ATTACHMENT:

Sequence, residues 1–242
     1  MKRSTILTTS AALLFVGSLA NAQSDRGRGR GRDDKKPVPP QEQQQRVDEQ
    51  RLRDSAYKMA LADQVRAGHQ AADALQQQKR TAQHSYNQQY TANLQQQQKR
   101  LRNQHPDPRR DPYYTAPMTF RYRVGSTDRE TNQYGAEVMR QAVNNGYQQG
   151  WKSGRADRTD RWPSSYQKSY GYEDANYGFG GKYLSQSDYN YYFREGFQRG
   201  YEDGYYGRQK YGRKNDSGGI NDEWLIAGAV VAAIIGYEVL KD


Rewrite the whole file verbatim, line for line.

Sequence, residues 1–242
     1  MKRSTILTTS AALLFVGSLA NAQSDRGRGR GRDDKKPVPP QEQQQRVDEQ
    51  RLRDSAYKMA LADQVRAGHQ AADALQQQKR TAQHSYNQQY TANLQQQQKR
   101  LRNQHPDPRR DPYYTAPMTF RYRVGSTDRE TNQYGAEVMR QAVNNGYQQG
   151  WKSGRADRTD RWPSSYQKSY GYEDANYGFG GKYLSQSDYN YYFREGFQRG
   201  YEDGYYGRQK YGRKNDSGGI NDEWLIAGAV VAAIIGYEVL KD